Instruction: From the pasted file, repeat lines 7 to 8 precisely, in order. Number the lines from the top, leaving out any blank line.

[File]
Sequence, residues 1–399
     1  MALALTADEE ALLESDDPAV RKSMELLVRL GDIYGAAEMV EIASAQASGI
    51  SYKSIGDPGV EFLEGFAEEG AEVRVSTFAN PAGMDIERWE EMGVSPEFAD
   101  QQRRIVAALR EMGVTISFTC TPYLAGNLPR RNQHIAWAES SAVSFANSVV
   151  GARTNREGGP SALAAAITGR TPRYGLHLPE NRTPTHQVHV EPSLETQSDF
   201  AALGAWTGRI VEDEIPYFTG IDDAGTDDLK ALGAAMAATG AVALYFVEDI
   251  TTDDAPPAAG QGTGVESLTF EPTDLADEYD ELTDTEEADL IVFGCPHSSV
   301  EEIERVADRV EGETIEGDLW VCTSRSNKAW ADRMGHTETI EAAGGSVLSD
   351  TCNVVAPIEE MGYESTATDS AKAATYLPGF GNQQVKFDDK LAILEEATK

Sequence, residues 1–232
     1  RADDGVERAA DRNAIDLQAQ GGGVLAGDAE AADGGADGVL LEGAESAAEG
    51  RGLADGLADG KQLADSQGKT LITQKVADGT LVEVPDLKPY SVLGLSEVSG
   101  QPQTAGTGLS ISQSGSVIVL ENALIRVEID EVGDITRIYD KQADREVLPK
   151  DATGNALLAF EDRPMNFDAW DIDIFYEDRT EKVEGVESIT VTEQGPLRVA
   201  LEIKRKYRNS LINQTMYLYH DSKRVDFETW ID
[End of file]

   251  TTDDAPPAAG QGTGVESLTF EPTDLADEYD ELTDTEEADL IVFGCPHSSV
   301  EEIERVADRV EGETIEGDLW VCTSRSNKAW ADRMGHTETI EAAGGSVLSD